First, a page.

Author: 
Alex Mavrocordatos
Publication Date
December 1, 2004
Affiliation: 

Centre for the Arts in Development Communications

This 80-page document, written for United Nations Children's Fund (UNICEF) Sudan by the Centre for the Arts in Development Communications (cdcArts), presents a qualitative evaluation of the Theatre for Life (TFL) programme, which is part of UNICEF Sudan's Child Friendly Community Initiative (CFCI). The programme is rooted in the schools of villages where the CFCI is active. Children perform plays designed to deliver 10 key messages around child protection, education, and (more recently) child survival and child rights.

The evaluation had three major objectives: to provide an analytical and comprehensive picture of the current TFL structure; to analyse the quality of messages disseminated by the groups; and to assess the impact of the project on knowledge, attitudes, and practices of children, teachers, and community members. More specifically, the evaluators were asked to assess whether TFL is an effective tool for community education, if the TFL groups continue to need support from UNICEF, if they could be used for passing on other messages and promoting children's rights, and how the TFL structure should be modified for expansion into new communities.

The team visited seven villages, and used various participatory techniques to gather information. This included participatory observation, transect walks (a mobile interview in which the research team walks from the centre of the village to the outer limit of the territory, accompanied by several local informants), SWOT (Strength Weaknesses, Opportunities, Threats) analysis, focus group discussions using semi-structured interviews, and plenary village meetings. Specially prepared theatre performances were organised, and a structured questionnaire was developed in order to collect specific data about audiences, performances, and health information, as well as relevant demographic data.

The evaluation reports a number of findings, both positive and negative. The team found that: TFL is an effective tool for community education; people believe that it encourages discussion in home and social contexts; and performances are always well attended. However, the research found that the format of the messages is out of date and not geared toward children. The process is also not child-centred: in spite of the project documentation, the work in the field was not always fully mindful of the Convention on the Rights of the Child (CRC), to which UNICEF is also committed. It found that basic information passes successfully, but it is not clear that it is well understood, and that TFL falls short of its potential for community mobilisation. The research also showed that TFL does not reach all sections of the community, and that many of those not taking part may be the very people who most need the messages. TFL leaders at village level are teachers who receive one week's training; the evaluation found that this is insufficient to go beyond basic theatre-making and acting skills and that there is a felt need for further training. The report also found that performances tend to resemble animated lectures, do not engage audiences in educated debate leading to informed choices, and sometimes contain inaccuracies.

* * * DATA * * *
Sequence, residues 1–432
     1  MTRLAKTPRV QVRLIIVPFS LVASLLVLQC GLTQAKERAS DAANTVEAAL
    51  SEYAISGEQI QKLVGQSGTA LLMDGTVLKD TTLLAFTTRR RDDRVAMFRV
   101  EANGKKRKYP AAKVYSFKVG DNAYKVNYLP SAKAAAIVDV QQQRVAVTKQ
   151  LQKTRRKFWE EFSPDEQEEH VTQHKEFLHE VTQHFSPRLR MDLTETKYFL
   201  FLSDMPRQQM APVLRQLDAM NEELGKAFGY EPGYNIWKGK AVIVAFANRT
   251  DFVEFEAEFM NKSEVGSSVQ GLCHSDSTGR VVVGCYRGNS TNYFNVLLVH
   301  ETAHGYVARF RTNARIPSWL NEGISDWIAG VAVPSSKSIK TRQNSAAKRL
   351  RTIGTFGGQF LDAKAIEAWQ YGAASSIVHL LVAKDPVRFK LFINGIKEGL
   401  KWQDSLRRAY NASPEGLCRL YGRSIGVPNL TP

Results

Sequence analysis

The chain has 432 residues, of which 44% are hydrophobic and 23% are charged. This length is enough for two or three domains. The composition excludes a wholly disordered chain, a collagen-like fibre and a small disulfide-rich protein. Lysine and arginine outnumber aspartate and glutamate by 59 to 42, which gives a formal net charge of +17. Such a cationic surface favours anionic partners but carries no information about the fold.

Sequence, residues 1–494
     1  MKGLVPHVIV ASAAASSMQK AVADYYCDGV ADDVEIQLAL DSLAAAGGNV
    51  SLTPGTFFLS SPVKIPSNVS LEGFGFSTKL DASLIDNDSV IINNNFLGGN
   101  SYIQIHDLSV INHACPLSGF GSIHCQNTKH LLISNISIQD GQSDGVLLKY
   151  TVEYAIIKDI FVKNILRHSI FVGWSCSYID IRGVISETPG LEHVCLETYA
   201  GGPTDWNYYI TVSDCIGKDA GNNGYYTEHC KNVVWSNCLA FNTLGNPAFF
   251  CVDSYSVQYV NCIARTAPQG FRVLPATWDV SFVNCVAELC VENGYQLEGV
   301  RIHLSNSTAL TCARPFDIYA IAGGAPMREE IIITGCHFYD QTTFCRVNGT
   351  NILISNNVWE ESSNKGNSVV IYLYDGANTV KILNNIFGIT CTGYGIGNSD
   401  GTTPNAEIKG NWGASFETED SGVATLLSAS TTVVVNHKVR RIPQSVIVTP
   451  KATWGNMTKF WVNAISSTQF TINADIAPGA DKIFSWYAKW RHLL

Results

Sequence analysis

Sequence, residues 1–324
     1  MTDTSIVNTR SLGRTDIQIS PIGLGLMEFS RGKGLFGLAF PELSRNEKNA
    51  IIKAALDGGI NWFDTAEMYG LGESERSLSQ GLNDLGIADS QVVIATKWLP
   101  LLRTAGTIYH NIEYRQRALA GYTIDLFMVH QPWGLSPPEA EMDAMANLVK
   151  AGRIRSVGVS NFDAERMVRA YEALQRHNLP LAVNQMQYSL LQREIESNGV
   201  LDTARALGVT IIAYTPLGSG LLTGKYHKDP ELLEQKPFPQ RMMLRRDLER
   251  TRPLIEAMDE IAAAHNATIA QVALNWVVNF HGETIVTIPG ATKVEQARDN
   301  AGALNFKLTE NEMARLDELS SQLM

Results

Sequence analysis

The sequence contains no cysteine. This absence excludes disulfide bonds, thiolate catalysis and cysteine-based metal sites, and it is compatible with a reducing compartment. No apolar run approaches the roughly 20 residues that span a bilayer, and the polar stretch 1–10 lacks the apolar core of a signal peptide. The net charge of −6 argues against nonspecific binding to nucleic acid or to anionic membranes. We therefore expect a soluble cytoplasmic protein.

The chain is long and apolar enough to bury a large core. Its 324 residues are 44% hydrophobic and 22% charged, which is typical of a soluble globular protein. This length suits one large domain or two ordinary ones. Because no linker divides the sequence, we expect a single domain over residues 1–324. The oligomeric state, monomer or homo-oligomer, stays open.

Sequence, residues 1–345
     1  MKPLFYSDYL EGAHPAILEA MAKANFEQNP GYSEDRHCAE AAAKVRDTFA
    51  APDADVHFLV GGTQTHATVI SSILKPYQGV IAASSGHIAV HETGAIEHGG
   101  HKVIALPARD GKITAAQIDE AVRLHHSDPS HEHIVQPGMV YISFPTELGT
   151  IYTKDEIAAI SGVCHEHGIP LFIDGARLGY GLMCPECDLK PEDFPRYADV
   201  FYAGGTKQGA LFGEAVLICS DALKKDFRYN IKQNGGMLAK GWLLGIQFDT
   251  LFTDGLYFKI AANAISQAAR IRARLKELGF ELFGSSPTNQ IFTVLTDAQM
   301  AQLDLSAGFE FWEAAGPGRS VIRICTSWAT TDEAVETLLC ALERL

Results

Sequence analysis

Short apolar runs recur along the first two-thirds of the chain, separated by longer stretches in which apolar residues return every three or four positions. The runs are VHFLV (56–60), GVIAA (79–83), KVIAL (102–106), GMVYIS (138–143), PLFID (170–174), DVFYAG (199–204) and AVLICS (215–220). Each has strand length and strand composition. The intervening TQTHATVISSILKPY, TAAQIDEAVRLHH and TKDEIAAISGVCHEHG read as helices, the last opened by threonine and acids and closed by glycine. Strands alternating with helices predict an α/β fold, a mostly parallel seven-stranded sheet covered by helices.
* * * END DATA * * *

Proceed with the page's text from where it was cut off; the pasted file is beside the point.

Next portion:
The evaluation states that as originally conceived, the project is no longer appropriate, but the presence of the TFL/CFCI infrastructure is a valuable asset that should be capitalised upon. The author provides a list of recommendations for redefining and improving TFL. These include the following:

  • The project must adopt a child-centred approach, with children accepted as creative partners in a creative process. In fact, children should eventually be working independently of the school structure, preparing plays according to their own vision.
  • CFCI staff should be trained in using TFL for social mobilisation.
  • Trainers and facilitators should broaden the base of TFL to include sectors of the community not currently involved, and explore ways of working with out-of-school children.
  • Performances should move away from the current didactic format. Instead, problem-posing dramas should be devised that present issues, social contradictions, and related personal dilemmas - without prescribing solutions. These plays could explore audience participation or at least provoke facilitated public discussion.

The study also contains a number of recommendations related to the organisational structure of TFL and its coordination, as well as TFL facilitator training, and monitoring, evaluation, and reporting.

The evaluation concludes that the TFL programme has the potential to be an exciting and fertile ground for cultural action that generates social change. In order to realise that potential, radical paradigm shifts in attitude and practice will need to be effected at all levels. Initiatives from below need to be encouraged and allowed to carry the same weight as suggestions from above. Children should be at the heart of the creative process - once they feel themselves to be part of the process, they may become interested enough to take it on as their own.

Source: 

Centre for the Arts in Development Communications website on July 2 2009 and October 2 2009; and emails from Alex Mavrocordatos to The Communication Initiative on October 15 2009 and October 17 2009.